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I do more than post videos. This video looks at a website in my suite of digital offerings at aeneid.co. This helps you read Vergil's Aeneid in the original Latin with videos, strong vocabulary tools, and more. The entire AP Latin and GCSE Latin syllabi are covered with videos. And, until the end of August, 2018, use coupon code AENEID2018 and get 20% off your subscription.
The third person pronoun suī, sibi, sē, sē is used only when we are referring to the (third person) subject. And related to this pronoun is the possessive adjective suus, -a, -um, which likewise refers back to the (third person) subject.
91 rules of grammar adjectives nouns
The word barbarian was coined by the Greeks to cover all people who didn't speak Greek, even though you may think it refers to cities, laws, or even a particular preference for drink. The thing is, the Greeks even felt that the Latin speaking Romans were barbarians. That is, until they were conquered by them.
The personal pronouns nos and vos have two different genitive plurals. Huh, that's interesting. This video covers when to use nostri/vestri and when to use nostrum/vestrum. It's not as complicated as it looks, but it helps to know your uses of the genitive.
91 rules of grammar nouns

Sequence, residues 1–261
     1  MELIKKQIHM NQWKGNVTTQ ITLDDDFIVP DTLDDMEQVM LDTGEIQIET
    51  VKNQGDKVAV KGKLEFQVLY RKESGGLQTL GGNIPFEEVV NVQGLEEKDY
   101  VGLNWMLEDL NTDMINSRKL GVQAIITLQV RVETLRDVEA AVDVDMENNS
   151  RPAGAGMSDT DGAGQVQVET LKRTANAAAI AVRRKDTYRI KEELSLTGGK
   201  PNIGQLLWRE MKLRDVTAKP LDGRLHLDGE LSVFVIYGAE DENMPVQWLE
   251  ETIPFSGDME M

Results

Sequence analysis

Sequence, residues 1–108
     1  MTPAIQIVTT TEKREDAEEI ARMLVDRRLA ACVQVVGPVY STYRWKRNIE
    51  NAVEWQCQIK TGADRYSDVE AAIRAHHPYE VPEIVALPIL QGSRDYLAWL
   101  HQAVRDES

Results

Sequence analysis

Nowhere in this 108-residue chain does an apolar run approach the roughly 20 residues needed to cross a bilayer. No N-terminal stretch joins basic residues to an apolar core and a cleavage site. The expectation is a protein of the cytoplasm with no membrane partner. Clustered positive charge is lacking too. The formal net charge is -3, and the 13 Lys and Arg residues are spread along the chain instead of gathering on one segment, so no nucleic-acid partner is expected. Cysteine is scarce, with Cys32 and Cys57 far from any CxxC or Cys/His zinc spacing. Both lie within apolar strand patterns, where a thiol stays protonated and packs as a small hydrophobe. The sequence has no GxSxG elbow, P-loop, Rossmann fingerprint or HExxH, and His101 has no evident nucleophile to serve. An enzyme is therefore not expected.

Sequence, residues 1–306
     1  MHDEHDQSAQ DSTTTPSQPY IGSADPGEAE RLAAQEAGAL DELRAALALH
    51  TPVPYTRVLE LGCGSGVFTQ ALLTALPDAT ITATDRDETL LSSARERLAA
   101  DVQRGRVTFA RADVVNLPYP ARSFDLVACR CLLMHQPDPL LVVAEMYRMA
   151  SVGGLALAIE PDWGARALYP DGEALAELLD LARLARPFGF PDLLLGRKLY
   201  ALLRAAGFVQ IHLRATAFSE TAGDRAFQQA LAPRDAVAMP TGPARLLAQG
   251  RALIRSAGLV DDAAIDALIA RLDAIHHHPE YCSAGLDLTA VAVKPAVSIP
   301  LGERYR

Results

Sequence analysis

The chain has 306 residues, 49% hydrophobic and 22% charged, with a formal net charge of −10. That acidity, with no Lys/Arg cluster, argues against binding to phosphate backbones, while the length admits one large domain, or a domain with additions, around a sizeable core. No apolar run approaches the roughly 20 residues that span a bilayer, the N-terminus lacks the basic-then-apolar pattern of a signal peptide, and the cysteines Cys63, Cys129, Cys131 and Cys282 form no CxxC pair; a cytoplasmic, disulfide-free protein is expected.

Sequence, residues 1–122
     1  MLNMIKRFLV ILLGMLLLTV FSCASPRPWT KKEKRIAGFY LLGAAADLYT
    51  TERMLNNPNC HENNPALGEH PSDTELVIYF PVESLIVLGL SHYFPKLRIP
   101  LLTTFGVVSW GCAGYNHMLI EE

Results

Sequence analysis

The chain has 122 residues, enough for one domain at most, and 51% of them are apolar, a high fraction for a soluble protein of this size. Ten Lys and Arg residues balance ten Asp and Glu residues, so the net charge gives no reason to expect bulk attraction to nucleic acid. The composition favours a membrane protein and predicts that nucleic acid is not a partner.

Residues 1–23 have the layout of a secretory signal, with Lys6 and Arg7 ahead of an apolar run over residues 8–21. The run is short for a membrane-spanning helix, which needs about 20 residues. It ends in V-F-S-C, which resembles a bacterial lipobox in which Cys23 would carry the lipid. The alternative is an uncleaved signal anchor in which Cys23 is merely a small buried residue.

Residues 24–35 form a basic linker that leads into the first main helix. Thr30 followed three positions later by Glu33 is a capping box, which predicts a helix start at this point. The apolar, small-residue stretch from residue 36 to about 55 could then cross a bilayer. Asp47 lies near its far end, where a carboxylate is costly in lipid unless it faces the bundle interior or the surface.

The infinitive in Latin comes in six different forms and four specific uses. This video covers not just how Latin utilizes the infinitive, the unconjugated form of the verb, but also how the infinitive changes in different tenses and voices.
Hexameter.co, a website created to help students, teachers, and lovers of ancient poetry practice their understanding of poetic meter. I created this website about a year ago, and it has seen hundreds of thousands of user attempts. Does it work? I think it does, and I think my data backs me up. Visit hexameter.co and see for yourself!
After the storm, Aeneas and his seven ships finally arrive at a safe harbor in Africa. This section has our first ekphrasis as Vergil describes the geography of the place in vivid detail.
Safe in Africa, Aeneas decides to search for his men. Failing to see them, he does catch sight of three stags, and goes deer hunting. Aeneas provides meat for his men and begins to calm their sorrows with words.
The English word mile comes from Latin. We think the mile is an arbitrary length that has nothing in common with a kilometer, but its decimal origins are clear when you know the etymology.
There is a set of adjectives in the first and second declension that doesn't quite follow the standard set of rules. We call these pronominal adjectives, because they function more like pronouns than describers. But you can refer to them as the Naughty Nine, or with the mnemonic UNUS NAUTA.
adjectives feminine first declension masculine neuter second declension